and learning (both human and machine); multi-sensory integration and
* Mark Ellisman (Neurosciences, School of Medicine): High resolution
electron and light microscopy; anatomical reconstructions. Director,
National Center for Microscopy and Imaging Research
* Fred Gage (Salk Institute): Neurogenesis and models of the hippocampus;
neuronal diversity, neural stem cells.
* Robert Hecht-Nielsen (Electrical and Computer Engineering): Neural
computation and the functional organization of the cerebral cortex.
Founder of Hecht-Nielsen Corporation
* Harvey Karten (Neurosciences, School of Medicine): Anatomical,
physiological and computational studies of the retina and optic tectum
of birds and squirrels
* David Kleinfeld (Physics): Active sensation in rats; properties of
neuronal assemblies; optical imaging of large-scale activity.
* William Kristan (Neurobiology): Computational Neuroethology; functional
and developmental studies of the leech nervous system, including
studies of the bending reflex and locomotion. Director, Neurosciences
Graduate Program at UCSD
* Herbert Levine (Physics): Nonlinear dynamics and pattern formation
in physical and biological systems, including cardiac dynamics and the
growth and form of bacterial colonies
* Scott Makeig (Institute for Neural Computation): Analysis of cognitive
event-related brain dynamics and fMRI using time-frequency and Independent
* Javier Movellan (Institute for Neural Computation): Sensory fusion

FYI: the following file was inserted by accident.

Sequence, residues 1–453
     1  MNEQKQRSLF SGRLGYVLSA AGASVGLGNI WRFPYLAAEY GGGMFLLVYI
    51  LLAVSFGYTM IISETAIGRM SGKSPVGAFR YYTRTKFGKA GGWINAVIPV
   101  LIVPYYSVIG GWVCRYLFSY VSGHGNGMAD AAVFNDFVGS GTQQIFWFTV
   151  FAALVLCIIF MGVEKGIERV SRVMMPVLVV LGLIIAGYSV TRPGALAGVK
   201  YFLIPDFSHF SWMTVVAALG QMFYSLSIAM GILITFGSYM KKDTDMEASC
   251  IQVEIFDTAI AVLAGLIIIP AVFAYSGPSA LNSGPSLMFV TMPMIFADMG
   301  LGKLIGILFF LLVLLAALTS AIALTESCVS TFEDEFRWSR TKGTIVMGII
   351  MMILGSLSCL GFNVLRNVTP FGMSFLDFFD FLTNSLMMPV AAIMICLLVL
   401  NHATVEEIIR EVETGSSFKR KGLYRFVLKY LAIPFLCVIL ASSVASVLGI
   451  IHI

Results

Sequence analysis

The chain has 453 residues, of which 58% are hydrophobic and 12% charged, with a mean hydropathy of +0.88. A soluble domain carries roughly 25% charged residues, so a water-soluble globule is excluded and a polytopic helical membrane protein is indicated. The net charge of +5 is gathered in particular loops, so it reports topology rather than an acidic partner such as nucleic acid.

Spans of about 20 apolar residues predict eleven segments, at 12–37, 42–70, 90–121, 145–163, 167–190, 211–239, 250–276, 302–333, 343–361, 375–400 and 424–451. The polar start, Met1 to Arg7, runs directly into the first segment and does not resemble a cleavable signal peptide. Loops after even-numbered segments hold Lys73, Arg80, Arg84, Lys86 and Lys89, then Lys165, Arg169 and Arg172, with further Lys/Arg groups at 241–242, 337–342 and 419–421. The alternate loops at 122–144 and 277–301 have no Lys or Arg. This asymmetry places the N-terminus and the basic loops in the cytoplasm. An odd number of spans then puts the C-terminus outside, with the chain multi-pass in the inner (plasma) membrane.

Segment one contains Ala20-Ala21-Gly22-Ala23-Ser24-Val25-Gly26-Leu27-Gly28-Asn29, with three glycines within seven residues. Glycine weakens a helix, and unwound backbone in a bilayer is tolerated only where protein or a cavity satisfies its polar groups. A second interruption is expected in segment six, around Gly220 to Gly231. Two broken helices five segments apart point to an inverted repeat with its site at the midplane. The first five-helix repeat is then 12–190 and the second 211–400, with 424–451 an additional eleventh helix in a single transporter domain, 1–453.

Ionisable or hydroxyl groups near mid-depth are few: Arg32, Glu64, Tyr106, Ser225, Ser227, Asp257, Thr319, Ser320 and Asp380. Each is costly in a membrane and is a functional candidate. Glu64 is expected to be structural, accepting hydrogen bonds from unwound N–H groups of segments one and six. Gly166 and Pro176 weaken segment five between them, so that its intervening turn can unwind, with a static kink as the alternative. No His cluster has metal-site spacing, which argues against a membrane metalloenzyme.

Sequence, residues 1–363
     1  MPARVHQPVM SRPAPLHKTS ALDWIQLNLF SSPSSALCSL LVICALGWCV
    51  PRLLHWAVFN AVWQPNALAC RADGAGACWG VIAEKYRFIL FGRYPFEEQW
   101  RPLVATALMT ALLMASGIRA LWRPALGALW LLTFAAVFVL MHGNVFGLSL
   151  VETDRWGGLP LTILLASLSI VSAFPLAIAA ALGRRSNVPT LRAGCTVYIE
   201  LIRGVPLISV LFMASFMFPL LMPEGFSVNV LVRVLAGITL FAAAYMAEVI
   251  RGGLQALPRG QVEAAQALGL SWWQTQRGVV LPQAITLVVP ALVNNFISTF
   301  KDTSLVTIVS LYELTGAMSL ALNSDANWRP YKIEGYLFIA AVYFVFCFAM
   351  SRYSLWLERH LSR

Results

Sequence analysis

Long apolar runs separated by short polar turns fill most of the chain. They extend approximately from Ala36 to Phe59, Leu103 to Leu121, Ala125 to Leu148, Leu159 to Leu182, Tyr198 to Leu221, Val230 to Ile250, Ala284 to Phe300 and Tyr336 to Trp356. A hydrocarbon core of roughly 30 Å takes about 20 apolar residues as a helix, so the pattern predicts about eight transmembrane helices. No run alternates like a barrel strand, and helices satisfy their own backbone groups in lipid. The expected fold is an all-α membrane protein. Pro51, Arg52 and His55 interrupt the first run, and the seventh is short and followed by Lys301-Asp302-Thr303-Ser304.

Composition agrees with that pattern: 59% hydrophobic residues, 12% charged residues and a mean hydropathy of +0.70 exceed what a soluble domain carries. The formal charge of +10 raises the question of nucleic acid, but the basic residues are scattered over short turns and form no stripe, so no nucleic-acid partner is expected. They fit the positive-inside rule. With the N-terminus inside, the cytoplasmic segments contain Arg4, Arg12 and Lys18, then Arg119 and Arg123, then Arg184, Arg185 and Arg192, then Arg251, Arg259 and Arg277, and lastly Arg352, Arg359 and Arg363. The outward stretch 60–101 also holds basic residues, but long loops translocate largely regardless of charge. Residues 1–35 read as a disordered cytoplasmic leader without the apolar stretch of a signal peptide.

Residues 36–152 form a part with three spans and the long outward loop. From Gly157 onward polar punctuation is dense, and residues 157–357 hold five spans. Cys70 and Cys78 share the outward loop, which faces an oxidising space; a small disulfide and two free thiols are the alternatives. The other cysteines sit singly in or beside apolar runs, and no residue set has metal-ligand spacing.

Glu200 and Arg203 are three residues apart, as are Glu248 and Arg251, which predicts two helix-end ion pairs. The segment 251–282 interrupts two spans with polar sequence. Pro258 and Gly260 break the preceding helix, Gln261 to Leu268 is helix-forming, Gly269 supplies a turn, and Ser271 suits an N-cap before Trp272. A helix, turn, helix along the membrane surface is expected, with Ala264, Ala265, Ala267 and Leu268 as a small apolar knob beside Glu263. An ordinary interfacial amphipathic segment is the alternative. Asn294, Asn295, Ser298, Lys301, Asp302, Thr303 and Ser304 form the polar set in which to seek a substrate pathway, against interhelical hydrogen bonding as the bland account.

and learning algorithms for continuous stochastic systems
* Mikhael Rabinovich (Institute for Nonlinear Science): Dynamical
systems analysis of the stomatogastric ganglion of the lobster and the
antenna lobe of insects
* Pamela Reinagel (Biology): Sensory and neural coding; natural scene
statistics; recordings from the visual system of cats and rodents.
* Massimo Scanziani (Biology): Neural circuits in the somotosensory
cortex; physiology of synaptic transmission; inhibitory mechanisms.
* Terrence Sejnowski (Salk Institute/Neurobiology): Computational
neurobiology; physiological studies of neuronal reliability and
synaptic mechanisms. Director, Institute for Neural Computation
* Tanya Sharpee (Salk): Statistical physics and information theory
approach to understanding sensory processing. Statistical properties
of natural auditory and visual environments.
* Nicholas Spitzer (Neurobiology): Regulation of ionic channels and
neurotransmitters in neurons; effects of electrical activity in
developing neurons on neural function. Chair of Neurobiology
* Charles Stevens (Salk Institute): Synaptic physiology; theoretical
models of neuroanatomical scaling.
* Roger Tsien (Chemistry): Second messenger systems in neurons;
development of new optical and MRI probes of neuron function,
including calcium indicators and caged neurotransmitters
* Ruth Williams (Mathematics): Probabilistic analysis of stochastic
systems and continuous learning algorithms
On-line applications: http://neurograd.ucsd.edu/admissions/index.html
The deadline for completed application materials, including letters of
recommendation, is December 1, 2008.